Simpler proposals are better, and simplification should always be the goal of government policy so we know exactly what we are trying to accomplish, and the beneficiaries know how to accomplish it. Therefore, we as Conservatives call on the government to look for ways to simplify the implementation of this.
We also call on the government to signal to the Canada Revenue Agency to be as reasonable as possible in its enforcement and in the subsequent cases of accidental and incidental errors that are inevitably going to be the result of small businesses tripping over many of the tripwires found in this complex proposal.
All that being said, at the very least we can give the government some credit for belatedly realizing the necessity to remove the penalties on businesses that are recovering their revenues while trying to employ their workers.
Now let us turn our attention to those very same workers. Under the current Canada emergency response benefit, workers who earn $999 can keep the $2,000 CERB, but if they earn $1,001, they lose that same benefit. In other words, they are taking one step forward in order to be pushed two steps back. No one would make the decision to earn $1,000 in order to lose $2,000. The effective tax rate on such a person would be 200%. That is a major and unacceptable penalty for work. It is also a problem with an obvious solution.
I see here the member for Haldimand—Norfolk, who was once the employment minister and helped to bring in a solution to the same problem under the employment insurance program. She, in the previous Harper government, helped to bring in the working while on a claim system, which allowed people on EI to go out and get a job and lose only 50 cents of their EI for every dollar they earned. That means that they would always be 50 cents better off for each of those dollars earned. That should be the basic principle of our tax-and-transfer system. People should always be better off when they work more, earn more or take on one more shift.
Our party has very meticulously assembled a proposal for the government that would solve this anti-work problem and give our working-class people the rewards they deserve for going back to their jobs and taking on as many shifts as they possibly can. Our proposal is simple and it is this. For those earning less than $1,000, nothing would change. They would still get their $2,000 CERB. However, for those earning more than $1,000, any dollar earned over $1,000 would result in losing only 50 cents of their CERB.
Of course, all of this could be reconciled at tax time. The government already has records of people's earning because employers submit the payroll remittances. The government knows exactly what people earn and when they earn it. It would be very easy to use the highly sophisticated CRA software, which could automatically calculate all of this, and people's final amounts could be reconciled at tax time on their returns.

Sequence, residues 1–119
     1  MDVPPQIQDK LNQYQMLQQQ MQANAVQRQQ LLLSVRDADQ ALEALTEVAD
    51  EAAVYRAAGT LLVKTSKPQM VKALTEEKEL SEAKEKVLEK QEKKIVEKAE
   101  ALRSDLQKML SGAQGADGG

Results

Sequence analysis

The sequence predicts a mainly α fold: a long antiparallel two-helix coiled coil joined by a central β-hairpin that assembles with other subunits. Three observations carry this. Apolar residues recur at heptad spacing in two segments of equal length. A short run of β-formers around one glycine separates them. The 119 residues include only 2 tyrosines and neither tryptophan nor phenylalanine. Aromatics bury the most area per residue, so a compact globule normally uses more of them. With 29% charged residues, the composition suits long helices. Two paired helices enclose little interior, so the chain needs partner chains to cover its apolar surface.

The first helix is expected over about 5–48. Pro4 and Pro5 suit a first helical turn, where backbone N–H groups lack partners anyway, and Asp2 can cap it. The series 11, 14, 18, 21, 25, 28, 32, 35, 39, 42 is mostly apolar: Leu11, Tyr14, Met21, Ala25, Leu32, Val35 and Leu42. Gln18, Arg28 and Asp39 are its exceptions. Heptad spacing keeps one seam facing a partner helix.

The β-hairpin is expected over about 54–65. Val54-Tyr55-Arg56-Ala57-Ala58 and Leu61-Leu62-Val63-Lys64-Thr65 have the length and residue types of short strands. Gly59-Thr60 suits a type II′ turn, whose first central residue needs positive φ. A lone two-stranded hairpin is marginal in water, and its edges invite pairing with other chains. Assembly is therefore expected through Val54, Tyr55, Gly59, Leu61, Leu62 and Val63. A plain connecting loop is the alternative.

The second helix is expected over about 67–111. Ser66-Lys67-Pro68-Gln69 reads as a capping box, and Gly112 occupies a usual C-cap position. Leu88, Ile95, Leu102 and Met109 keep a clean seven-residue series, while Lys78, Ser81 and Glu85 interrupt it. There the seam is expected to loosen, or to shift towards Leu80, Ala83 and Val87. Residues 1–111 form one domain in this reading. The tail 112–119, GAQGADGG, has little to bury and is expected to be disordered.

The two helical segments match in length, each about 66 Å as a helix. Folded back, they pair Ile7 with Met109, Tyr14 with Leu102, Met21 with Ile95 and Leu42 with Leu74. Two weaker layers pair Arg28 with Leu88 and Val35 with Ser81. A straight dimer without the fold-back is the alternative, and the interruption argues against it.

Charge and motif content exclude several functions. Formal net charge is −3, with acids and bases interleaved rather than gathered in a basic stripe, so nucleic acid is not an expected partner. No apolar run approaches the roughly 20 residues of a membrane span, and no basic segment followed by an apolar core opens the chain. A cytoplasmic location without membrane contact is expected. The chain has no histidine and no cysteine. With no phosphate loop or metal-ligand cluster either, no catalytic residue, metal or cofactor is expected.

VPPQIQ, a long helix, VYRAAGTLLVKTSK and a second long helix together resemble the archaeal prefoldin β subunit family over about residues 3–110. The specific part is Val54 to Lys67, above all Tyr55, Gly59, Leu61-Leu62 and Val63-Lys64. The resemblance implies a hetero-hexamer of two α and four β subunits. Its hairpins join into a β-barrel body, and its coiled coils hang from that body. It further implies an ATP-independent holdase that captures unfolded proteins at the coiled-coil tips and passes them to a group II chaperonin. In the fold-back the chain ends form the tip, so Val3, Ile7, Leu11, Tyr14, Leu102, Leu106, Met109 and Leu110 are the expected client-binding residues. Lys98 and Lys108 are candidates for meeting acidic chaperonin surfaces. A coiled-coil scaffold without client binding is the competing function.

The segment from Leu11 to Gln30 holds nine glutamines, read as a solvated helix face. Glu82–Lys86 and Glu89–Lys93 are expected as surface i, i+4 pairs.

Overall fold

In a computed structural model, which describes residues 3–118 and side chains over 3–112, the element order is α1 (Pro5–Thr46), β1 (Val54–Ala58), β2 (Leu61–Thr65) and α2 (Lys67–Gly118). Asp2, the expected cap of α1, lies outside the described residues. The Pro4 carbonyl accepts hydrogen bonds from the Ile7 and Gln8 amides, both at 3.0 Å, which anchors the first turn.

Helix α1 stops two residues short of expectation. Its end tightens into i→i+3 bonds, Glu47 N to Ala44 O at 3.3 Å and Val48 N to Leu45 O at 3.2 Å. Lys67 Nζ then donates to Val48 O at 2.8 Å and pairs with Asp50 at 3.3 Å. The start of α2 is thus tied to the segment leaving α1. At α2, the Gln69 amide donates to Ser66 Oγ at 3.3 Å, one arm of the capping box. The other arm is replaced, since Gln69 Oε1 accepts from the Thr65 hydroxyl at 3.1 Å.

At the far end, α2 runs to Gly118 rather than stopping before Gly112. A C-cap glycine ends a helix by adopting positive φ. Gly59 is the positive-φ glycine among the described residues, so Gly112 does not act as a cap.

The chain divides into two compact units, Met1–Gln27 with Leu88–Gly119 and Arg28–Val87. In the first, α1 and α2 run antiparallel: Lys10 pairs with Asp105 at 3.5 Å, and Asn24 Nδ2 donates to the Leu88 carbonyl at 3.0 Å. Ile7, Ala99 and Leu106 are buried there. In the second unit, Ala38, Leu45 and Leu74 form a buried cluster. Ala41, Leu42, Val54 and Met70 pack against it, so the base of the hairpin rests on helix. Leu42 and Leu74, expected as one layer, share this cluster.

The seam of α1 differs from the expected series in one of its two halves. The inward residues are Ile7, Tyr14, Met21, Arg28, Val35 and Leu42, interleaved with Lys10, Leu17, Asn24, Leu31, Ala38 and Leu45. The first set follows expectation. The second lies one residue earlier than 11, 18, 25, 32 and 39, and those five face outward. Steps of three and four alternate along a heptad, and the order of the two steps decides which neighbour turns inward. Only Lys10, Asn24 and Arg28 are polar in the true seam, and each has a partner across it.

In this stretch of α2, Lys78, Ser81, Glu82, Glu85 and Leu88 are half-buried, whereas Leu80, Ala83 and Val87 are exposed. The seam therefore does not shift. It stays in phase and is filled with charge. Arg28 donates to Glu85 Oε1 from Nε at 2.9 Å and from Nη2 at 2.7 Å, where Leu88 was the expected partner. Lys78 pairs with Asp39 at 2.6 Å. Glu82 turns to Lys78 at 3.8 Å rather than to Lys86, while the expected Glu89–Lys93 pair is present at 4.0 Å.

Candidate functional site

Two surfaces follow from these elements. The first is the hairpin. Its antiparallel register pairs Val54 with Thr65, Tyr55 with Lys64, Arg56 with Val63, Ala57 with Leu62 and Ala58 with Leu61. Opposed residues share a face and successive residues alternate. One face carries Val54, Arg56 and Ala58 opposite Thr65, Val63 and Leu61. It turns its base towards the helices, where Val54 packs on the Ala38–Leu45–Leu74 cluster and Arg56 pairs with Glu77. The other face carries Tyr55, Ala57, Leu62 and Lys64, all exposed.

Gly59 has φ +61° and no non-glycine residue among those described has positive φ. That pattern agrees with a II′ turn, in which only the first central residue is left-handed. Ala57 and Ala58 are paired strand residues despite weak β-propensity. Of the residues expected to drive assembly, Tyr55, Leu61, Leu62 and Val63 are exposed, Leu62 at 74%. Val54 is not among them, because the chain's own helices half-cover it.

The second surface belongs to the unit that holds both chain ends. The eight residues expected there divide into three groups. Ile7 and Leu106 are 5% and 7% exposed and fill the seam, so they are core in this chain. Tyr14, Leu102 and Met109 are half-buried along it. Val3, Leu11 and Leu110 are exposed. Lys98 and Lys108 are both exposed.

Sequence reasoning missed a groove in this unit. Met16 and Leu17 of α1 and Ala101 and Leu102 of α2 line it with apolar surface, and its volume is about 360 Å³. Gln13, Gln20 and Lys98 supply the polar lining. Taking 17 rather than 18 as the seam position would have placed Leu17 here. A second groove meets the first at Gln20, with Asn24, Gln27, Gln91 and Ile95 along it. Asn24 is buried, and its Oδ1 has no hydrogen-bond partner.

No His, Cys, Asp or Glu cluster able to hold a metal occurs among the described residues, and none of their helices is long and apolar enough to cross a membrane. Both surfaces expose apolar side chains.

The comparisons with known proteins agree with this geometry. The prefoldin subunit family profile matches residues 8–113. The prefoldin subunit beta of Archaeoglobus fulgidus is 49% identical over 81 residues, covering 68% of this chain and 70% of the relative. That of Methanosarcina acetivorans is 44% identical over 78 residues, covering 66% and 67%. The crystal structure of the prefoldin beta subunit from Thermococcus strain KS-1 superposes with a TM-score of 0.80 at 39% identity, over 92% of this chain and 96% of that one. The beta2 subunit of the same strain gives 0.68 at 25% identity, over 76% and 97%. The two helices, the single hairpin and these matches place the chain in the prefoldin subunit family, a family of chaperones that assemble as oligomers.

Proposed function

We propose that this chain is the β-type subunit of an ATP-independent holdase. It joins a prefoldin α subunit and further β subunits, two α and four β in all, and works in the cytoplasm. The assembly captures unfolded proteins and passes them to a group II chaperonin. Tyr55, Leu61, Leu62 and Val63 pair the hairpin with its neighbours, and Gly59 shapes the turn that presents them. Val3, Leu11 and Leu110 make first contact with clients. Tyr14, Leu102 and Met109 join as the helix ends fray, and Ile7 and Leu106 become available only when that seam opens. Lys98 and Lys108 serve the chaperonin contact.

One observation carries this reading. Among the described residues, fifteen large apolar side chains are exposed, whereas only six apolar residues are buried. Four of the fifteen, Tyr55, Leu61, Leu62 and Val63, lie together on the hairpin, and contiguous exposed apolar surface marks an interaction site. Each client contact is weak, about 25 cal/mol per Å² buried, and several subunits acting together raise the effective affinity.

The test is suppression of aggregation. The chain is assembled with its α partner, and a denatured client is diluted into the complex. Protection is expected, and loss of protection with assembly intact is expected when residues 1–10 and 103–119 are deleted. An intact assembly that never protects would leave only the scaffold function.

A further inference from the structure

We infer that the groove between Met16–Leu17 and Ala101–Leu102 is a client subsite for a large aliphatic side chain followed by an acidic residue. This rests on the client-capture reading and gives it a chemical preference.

Therefore, we put forward this proposal, which would allow all workers to be better off when they go out into the workforce and get themselves another dollar. It would mean that people would only lose their CERB gradually as they earn between $1,000 and $6,000, so that every day in every way workers who contribute to their employer, get businesses back on their feet, serve local customers, pay taxes and contribute to the economy are rewarded for doing so.
The Parliamentary Budget Officer has said that our proposal would be affordable and that it would be a minor cost. I frankly believe that when the behavioural changes that would result from it are taken into account, the government will be net better off as a result of rewarding rather than punishing work.
This is, of course, a problem that most left-wing governments have. They do not believe that there is any limit to the amount of taxation they can impose upon people. They do not understand the impact that incentives have on human and economic behaviour. That is why we see ever larger tax rates, which punish people for exerting themselves and for contributing to their employers, and which take away from risk-takers, entrepreneurs and working-class people.
We on this side of the House believe in restoring the value of work and rewarding exertion, because work is the only thing that generates the product of our nation. We know that no matter what government program we create, we cannot replace the prodigious output of our 20 million Canadian workers and the 1.2 million businesses that employ them. No government program can ever do that. The only way to recharge our economy and to replenish our wealth from the enormous costs we have incurred and the debts we have mounted is to get our workers and our businesses firing on all cylinders once again.
Beyond just fixing the problems and the penalties in these programs, we also need to unleash the power of free enterprise across our economy. There are parts of the economy that the government began shutting down years before COVID-19. One example of that is the energy sector. The government imposed a shutdown on the energy sector by blocking three pipelines and a major northern Alberta mine well before the COVID-19 pandemic ever appeared. It can now begin to reverse those anti-development policies.